When creating Hammond outdoor spaces used by the general public, walkways give a formal finish. They also provide a channel for pedestrian traffic, directing visitors towards doorways or gateways. The other value of a walkway is that it directs people away from walking on grassed areas.
Get the walkway right and it can really add to the space, establishing the desired mood. Get it wrong and it can be confusing or hazardous for those who use it. Choosing the right surface is one of the key decisions. A well designed walkway invites visitors to use it. A gratuitous use of curves will encourage users to take short cuts.
The width of a walkway is also important as it gives some clues as to the purpose. People move more quickly on wide paths than they do on narrower ones. Narrow paths on the other hand force walkers to adopt a slower pace.
A straight Hammond walkway will indicate a more functional use than one with curves. To keep people on the walkway, lay it in the direction where they are most likely to walk. One tip for a new open space is to leave grassed areas without any walkway for 3 or 4 months. Where people walk will be where the grass has been worn away and this indicates the route people want to take. This is where you can then lay your walkway.
There are many different choices when it comes to walkways. Some of them are more complex than others. It also depends on the available budget. Here are some basic options to consider:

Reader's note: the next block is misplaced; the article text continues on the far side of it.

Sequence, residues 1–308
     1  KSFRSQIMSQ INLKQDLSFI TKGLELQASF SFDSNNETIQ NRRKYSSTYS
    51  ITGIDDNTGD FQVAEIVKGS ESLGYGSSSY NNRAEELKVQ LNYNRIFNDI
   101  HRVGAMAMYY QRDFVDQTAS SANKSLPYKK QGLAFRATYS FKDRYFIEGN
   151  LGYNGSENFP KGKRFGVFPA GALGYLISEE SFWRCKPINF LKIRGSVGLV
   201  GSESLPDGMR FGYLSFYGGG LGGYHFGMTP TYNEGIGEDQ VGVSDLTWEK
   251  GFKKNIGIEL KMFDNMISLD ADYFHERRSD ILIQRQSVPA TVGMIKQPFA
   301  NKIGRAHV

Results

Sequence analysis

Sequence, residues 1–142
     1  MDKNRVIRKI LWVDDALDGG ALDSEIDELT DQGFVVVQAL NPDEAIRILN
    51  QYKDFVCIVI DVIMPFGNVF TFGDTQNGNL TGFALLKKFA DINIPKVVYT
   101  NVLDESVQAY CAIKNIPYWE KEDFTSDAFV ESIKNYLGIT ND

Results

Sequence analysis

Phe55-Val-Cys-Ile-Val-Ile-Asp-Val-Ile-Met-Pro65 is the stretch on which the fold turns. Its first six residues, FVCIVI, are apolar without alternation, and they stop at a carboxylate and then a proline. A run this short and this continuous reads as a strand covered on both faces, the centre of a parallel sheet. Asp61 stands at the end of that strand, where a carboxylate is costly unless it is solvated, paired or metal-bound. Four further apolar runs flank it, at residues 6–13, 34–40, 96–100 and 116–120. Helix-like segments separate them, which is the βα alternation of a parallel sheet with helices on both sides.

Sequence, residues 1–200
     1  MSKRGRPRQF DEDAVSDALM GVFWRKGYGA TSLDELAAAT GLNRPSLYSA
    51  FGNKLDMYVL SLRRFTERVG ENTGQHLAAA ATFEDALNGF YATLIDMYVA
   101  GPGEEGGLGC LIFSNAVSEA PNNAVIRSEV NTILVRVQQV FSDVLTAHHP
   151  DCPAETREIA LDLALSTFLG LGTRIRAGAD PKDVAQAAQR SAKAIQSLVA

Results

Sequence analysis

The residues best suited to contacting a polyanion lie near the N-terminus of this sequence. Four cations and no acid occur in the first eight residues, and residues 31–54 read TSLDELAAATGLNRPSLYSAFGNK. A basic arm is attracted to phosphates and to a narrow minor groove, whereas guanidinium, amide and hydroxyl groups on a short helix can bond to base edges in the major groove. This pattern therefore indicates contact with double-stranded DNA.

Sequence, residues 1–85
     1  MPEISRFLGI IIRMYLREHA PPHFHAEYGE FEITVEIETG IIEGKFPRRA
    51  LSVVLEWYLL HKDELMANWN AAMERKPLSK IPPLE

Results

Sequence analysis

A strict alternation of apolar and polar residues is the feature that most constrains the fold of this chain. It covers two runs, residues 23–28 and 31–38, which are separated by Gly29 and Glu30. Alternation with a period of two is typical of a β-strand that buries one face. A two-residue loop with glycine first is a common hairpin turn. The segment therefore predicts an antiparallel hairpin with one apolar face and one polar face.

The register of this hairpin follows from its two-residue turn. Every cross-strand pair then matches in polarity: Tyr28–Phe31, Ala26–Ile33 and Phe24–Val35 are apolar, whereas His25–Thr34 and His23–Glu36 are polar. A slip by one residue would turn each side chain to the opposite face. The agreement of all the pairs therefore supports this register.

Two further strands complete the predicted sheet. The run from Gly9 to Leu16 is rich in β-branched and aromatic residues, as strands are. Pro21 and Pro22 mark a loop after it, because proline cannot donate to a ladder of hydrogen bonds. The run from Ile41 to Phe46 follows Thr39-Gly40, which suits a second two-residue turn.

1. The most basic option, used in most domestic properties is to use concrete slabs. These can be purchased at any DIY store or builders merchants. A series of stepping stones laid straight on to grass is a simple, easy and adequate solution in some circumstances.
2. A more advanced variation with concrete slabs is to dig out an area the size of each stepping stone and place the slab inside. Leave about a centimetre of the slab above the ground to trim weeds more easily.
3. An alternative to concrete slabs is just to use gravel. Before laying down the gravel put down a layer of landscaping fabric to help with drainage.
4. Another option is mulch which can be a good compromise choice for those with a limited budget.
5. Some landscapers edge their walkways to give a more formal finish.
6. Bark nuggets provide another walkway option and come in various colours. A further consideration in public areas is sun and rain protection. Shades or canopies can offer a pleasing finishing touch as well as supporting the need to direct walkers along the chosen route.